Tuesday, January 17, 2012

No Win

I adored my Auntie Maisey. She was my grandfather’s younger sister. She lived in Epping, in Sydney, in a gorgeous house that smelled of a special mix of trees and damp soil and curry powder and perfume. Each summer, from the time I was a pre-schooler, Mum would take me on a 6 hour train trip to visit Auntie Maisey for a few days in the Big Smoke. We’d do a bit of shopping, eat and drink exotic fare like Spaghetti Bolognese and Iced Coffee.
Maisey was a widow with two grown daughters and soon, she retired. With more time on her hands, the local RSL club beckoned. I didn’t really understand what was happening when she sold her beautiful home and moved to a new, two bedroom unit not far away. In fact, I thought it was the height of sophistication.
Next to go was some of the glorious old furniture. Maisey just sold it. No biggie; it was just furniture to me. But when she moved to a smaller, more modest flat, and started shopping at St Vinnies, selling more furniture, selling her hand-crafted tapestries…well, I was old enough to understand. Maisey put every cent she owned through the pokies at Epping RSL Club.
Not long after she died in 1991, the Epping RSL moved to new premises. We’re all a little bitter – which parts of the palatial new club did Maisey’s gambling fund?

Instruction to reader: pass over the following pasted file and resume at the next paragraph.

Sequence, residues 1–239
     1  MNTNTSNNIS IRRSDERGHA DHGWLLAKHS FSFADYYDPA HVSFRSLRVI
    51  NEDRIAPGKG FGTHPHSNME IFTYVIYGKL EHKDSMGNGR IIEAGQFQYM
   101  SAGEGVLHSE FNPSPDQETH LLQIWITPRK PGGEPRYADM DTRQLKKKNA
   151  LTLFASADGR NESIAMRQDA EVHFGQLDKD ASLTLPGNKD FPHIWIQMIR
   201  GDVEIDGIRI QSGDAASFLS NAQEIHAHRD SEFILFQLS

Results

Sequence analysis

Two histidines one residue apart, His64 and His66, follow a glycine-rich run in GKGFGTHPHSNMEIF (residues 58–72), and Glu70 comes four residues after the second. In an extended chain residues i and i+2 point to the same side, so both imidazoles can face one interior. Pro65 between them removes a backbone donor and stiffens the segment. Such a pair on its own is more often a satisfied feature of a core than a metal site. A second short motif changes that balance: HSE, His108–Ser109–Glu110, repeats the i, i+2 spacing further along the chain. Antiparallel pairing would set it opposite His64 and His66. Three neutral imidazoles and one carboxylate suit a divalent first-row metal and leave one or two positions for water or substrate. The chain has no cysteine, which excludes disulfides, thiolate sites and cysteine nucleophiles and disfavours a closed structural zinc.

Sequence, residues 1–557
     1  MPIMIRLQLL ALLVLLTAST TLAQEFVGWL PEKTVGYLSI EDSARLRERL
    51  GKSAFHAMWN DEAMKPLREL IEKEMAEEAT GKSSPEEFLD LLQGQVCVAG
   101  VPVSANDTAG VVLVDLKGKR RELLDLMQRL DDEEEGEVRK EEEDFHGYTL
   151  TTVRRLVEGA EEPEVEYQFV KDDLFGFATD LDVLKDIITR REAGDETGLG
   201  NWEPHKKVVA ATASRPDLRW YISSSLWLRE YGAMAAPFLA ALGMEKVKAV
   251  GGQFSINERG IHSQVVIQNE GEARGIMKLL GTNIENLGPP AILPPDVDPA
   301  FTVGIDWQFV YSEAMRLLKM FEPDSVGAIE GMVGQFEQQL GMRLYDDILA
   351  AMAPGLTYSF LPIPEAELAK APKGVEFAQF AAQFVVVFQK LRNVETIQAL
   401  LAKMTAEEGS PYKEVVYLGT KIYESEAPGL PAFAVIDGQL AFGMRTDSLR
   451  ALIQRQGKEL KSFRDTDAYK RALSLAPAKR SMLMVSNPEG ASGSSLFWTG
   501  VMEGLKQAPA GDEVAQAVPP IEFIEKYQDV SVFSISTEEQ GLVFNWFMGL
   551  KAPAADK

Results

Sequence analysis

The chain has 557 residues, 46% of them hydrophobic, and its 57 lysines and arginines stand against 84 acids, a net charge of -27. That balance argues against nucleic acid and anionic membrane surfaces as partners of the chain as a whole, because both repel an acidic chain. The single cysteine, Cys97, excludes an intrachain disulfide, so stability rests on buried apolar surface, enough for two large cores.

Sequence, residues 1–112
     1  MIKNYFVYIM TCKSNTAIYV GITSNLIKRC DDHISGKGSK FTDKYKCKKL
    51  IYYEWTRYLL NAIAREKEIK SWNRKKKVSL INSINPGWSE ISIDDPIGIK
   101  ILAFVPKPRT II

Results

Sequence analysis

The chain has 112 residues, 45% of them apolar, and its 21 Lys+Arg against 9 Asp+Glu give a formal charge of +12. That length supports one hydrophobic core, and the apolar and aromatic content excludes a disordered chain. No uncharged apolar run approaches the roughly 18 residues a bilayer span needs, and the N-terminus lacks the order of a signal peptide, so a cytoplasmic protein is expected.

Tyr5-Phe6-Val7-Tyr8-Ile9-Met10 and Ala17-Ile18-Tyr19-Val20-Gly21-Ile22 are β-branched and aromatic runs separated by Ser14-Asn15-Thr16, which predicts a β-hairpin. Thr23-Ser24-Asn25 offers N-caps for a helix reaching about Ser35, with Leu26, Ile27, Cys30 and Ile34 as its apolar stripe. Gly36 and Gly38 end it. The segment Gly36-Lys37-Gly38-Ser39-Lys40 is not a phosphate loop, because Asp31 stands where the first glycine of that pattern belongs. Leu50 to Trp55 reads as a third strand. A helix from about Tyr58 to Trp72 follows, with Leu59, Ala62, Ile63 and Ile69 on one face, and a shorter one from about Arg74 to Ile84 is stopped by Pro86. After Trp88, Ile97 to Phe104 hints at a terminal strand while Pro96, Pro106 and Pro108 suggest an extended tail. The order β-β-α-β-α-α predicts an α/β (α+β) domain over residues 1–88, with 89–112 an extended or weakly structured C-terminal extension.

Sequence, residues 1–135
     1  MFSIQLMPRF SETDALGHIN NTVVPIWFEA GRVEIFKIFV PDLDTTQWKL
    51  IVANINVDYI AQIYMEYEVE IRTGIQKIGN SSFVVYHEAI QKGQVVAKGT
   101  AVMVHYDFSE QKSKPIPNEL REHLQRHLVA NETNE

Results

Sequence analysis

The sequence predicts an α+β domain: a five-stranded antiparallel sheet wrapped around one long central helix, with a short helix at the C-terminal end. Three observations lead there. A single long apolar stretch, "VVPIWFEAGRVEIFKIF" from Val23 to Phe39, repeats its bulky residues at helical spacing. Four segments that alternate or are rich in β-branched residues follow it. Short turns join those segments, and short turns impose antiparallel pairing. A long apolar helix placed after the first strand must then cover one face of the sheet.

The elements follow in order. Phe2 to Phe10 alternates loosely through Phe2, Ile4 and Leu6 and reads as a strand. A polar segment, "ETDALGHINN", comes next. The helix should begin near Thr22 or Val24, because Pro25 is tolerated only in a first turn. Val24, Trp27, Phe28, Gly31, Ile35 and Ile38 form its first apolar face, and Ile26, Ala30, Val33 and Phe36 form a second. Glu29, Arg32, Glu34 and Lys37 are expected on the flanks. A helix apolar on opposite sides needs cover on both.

Why are Poker Machines a problem?
Problem gambling defies logic and about 75% of problem gambling involves poker machines, or ‘slot machines’ as they are known in the USA.  Problem gambling is counter-productive to living a happy and fulfilling life – and yet thousands and thousands of people do it in Australia. Clinically, it’s an “impulse control disorder”, similar to an addiction. Studies have shown that while playing the pokies, even casual players will experience a higher than normal occurrence of irrational thoughts. Source: http://oz.berkeley.edu/~aldous/157/Papers/irrational_slot.pdf
Different sources publish different numbers, but the consensus is that we’re talking about the number of adult Australians roughly equivalent to the population of Hobart having a gambling problem. Twice that number are considered to be moderate gamblers who are at risk of developing a more serious problem. 75% of problem gamblers play the poker machines.
January 2012
Right now, Tasmanian independent Andrew Wilkie is trying with all his political might to convince the PM to support  a national programme of Mandatory Pre-Commitment for all pokie players in Australia. ClubsAustralia and the AHA are fighting back with their $10m “It’s UnAustralian” campaign, arguing that clubs rely on the revenue from poker machines to fund their community support programmes.
I hate poker machines. I’ve played them, and I’ve been equally entranced, bored and disgusted. Mainly, I hate what they’ve done to people I love. I imagine Andrew Wilkie feels the same way.  While Julia Gillard holds her cards close to her chest, there are a few things about poker machines and gambling addictions that we should get on the table.

What is Mandatory Pre-commitment?